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Heyward-Bey gets NFL introduction as Raiders open minicamp

ALAMEDA, Calif. -- Darrius Heyward-Bey ran an inside route against Nnamdi Asomugha only to see the pass from JaMarcus Russell broken up by the Raiders' All-Pro cornerback.

"I came back and I just went, 'All right. I'm not in college anymore,'" Heyward-Bey said.

Heyward-Bey began his indoctrination into the NFL on Friday at the first day of Oakland's mandatory minicamp, showing signs of the big-play ability that attracted the Raiders and the inexperience he has to overcome after leaving college a year early.

2008 Stats (college)
Catches: 42

Yards: 609

TDs: 5

Take that play against Asomugha. Heyward-Bey tipped off the route with his eyes, a mistake that might not have been an issue against college cornerbacks but is a big mistake against the more experienced competition in the NFL.

"There's some easy giveaways right now. I'll talk to him about that stuff," Asomugha said. "I saw his eyes. He can't give it away with his eyes, but this was his first practice. I wasn't watching him so I don't know how well he did. But he has speed and speed is always a threat."

Heyward-Bey didn't get to show off the blazing speed that made him the fastest player at the NFL combine and helped contribute to the Raiders' much-questioned decision to pick him seventh ahead of more heralded receivers Michael Crabtree and Jeremy Maclin.

But he still impressed his new teammates.

"He's going to open a lot of eyes," Russell said. "No matter who you're up against, they always have to account for him."

Coach Tom Cable praised Heyward-Bey for his intelligence and ability to quickly learn an NFL offense. But Heyward-Bey knows the adjustment won't be easy, saying at one time it was "too bad you can't redshirt here."

Heyward-Bey knows the Raiders can't be patient after losing at least 11 games for an NFL-record sixth straight season. The Raiders need plenty of help at wide receiver after getting just 82 catches from the position last season, led by Johnnie Lee Higgins' 22.

That's why Heyward-Bey opened his first practice with the starters, a signal from Cable that he will be counted on quickly.

"This is the best level," Heyward-Bey said. "Now you just have to go out here and perform. You want to hope you get on the field and make plays. If that's Year 1 or Year 2, you just hope that that happens and just hope that you stay healthy. Because if I'm healthy, I'm going to be able to make plays."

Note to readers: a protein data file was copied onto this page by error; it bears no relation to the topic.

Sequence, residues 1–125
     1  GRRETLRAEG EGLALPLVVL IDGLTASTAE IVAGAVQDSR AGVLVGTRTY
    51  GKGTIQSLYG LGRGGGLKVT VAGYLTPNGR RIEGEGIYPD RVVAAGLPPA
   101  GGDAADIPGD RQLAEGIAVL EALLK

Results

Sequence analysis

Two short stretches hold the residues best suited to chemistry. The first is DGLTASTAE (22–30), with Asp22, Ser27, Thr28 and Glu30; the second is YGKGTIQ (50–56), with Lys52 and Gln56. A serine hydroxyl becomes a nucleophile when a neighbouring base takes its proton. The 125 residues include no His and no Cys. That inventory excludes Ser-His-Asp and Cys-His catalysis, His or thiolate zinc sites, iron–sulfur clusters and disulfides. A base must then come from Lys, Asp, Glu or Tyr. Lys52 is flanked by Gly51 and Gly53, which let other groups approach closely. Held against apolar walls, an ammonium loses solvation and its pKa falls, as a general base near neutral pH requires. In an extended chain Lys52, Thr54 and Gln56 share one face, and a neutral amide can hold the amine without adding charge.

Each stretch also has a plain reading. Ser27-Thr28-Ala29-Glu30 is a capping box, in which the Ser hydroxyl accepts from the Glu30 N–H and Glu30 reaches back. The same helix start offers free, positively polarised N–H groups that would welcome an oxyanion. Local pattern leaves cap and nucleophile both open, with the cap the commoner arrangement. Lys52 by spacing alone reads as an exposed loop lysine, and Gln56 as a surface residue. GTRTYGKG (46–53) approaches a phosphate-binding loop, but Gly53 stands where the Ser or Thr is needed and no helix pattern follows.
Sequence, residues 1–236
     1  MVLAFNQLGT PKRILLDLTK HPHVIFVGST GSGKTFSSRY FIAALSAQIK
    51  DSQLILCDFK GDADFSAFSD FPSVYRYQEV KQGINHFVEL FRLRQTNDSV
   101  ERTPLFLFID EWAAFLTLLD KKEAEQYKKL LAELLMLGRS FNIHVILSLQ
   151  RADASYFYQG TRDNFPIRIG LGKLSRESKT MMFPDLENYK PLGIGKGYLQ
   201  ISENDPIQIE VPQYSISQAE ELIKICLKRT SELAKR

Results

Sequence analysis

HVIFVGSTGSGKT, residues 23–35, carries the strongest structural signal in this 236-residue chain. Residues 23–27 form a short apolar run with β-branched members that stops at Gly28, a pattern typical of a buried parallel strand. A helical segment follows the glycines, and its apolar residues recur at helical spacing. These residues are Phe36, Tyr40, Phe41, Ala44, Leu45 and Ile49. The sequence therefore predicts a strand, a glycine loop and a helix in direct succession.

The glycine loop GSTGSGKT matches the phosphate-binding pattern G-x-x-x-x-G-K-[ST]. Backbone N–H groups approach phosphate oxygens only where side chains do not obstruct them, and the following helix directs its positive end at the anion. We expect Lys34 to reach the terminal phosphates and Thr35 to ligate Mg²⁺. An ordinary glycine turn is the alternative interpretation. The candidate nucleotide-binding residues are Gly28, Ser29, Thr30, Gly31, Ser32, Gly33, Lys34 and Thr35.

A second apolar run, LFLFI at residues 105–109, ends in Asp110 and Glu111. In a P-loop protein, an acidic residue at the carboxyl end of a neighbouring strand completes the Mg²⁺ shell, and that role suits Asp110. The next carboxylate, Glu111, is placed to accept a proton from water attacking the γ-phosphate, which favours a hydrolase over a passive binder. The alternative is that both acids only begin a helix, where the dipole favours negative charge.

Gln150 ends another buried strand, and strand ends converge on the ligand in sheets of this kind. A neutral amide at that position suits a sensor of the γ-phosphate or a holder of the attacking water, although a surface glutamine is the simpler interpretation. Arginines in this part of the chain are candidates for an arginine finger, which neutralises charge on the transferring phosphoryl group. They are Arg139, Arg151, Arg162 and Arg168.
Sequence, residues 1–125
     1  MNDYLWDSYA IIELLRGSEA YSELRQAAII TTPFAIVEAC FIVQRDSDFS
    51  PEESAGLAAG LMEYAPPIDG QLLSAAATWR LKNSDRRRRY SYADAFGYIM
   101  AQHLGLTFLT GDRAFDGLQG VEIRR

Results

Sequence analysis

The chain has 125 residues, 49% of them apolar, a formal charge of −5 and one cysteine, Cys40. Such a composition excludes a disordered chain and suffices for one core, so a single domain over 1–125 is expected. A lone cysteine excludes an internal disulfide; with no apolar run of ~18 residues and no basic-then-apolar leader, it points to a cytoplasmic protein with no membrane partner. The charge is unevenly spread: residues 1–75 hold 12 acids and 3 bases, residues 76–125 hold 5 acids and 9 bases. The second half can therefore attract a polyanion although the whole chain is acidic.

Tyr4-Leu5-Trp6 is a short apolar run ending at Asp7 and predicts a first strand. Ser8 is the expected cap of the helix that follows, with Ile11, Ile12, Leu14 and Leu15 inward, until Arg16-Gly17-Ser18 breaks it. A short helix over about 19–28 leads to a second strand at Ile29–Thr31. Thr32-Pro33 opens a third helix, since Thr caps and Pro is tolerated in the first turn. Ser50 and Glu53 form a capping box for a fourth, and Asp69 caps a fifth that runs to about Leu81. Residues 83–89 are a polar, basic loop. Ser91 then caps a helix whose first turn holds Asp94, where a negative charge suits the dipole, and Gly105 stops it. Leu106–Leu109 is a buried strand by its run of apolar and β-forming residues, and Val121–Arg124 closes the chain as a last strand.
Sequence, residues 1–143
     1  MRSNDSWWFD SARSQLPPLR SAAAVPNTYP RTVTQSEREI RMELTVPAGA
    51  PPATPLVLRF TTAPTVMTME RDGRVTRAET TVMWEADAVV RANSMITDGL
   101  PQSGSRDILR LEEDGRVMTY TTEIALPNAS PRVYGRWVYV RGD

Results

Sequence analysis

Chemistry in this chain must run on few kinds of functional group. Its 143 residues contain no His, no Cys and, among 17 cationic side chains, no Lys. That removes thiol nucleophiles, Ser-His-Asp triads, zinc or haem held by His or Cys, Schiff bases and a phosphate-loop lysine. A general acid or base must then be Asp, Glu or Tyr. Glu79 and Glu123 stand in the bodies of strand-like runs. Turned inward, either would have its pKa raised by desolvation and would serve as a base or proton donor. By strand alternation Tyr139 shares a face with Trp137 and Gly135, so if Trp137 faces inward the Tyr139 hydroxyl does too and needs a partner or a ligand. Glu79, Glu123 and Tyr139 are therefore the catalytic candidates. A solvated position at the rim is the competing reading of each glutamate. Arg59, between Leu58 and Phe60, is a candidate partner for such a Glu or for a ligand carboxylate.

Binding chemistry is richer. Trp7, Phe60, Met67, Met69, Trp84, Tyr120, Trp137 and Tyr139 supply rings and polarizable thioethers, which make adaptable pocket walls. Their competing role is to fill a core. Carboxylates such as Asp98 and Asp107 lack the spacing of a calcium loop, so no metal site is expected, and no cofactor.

Heyward-Bey caught just 13 touchdown passes in three seasons at Maryland, never reaching 800 yards receiving in a season. He had career lows last season with 42 catches for 609 yards to go with his five touchdown catches.

There were questions about his hands, but he looked good catching balls in a practice setting on Friday. He even showed the ability to adjust on a deep ball from Bruce Gradkowski to make a long catch against backup Darrick Brown.

"Those are the kinds of things, if you listened and people wrote, that he couldn't do some of those things, and you saw it for yourself," Cable said. "Those are the reasons we took the kid. The kid's going to be a really fine player and we'll just let it play itself out."

While Heyward-Bey was projected by almost everyone as a first-round pick, Oakland's second-round choice caused even more consternation among the draft experts.

The Raiders traded down seven spots before drafting safety Mike Mitchell 47th overall. Mitchell was so overlooked that he wasn't even invited to the scouting combine and was projected by most as a late-round pick or undrafted free agent.

The hubbub over the pick turned the overlooked player from Ohio into one of the more scrutinized. The pick was discussed on all the draft shows, his college highlight video became a YouTube sensation and Raiders fans have e-mailed him in support.

Mitchell is fueled by the criticism, deciding not to take any days off after the draft to work even harder so he could prove he's worthy of his selection.

"That was the spark I needed to make sure I was back in the weight room that Monday and going hard," he said. "I knew I had a lot to prove, but that just made it even more evident I had to prove myself even more."

Copyright 2009 by The Associated Press

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